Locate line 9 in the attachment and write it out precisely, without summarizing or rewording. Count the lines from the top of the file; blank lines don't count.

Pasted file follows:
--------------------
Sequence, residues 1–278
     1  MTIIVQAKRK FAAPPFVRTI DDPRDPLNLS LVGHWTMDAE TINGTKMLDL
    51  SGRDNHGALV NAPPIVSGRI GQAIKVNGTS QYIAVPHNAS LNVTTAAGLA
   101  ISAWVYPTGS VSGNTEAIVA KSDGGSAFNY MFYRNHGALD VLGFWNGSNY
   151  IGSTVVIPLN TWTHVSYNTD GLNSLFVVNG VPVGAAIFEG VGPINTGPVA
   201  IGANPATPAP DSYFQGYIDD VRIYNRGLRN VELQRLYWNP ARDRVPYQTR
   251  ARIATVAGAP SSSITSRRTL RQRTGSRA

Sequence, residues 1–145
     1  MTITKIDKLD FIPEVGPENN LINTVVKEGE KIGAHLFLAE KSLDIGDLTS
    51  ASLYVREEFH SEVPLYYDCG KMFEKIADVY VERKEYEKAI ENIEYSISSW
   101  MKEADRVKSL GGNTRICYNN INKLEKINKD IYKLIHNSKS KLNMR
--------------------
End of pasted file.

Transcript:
     1  MTITKIDKLD FIPEVGPENN LINTVVKEGE KIGAHLFLAE KSLDIGDLTS